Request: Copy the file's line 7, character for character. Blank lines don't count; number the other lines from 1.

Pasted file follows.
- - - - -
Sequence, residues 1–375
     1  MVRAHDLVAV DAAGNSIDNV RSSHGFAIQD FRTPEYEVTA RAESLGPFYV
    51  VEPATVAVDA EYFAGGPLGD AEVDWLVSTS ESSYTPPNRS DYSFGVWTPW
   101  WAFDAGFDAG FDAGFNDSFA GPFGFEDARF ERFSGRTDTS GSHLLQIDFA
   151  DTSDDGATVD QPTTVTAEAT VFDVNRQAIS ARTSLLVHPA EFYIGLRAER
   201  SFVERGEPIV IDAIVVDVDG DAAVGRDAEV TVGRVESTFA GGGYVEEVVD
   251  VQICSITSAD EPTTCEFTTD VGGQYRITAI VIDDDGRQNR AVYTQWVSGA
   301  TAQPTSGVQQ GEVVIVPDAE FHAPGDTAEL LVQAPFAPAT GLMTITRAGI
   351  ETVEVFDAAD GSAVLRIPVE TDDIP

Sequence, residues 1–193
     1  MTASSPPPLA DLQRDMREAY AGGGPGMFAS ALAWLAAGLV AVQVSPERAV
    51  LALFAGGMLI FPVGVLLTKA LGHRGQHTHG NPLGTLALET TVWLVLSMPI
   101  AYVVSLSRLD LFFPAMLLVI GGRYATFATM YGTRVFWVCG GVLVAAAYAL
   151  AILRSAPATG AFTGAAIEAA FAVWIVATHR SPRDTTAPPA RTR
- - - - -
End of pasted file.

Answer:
   251  VQICSITSAD EPTTCEFTTD VGGQYRITAI VIDDDGRQNR AVYTQWVSGA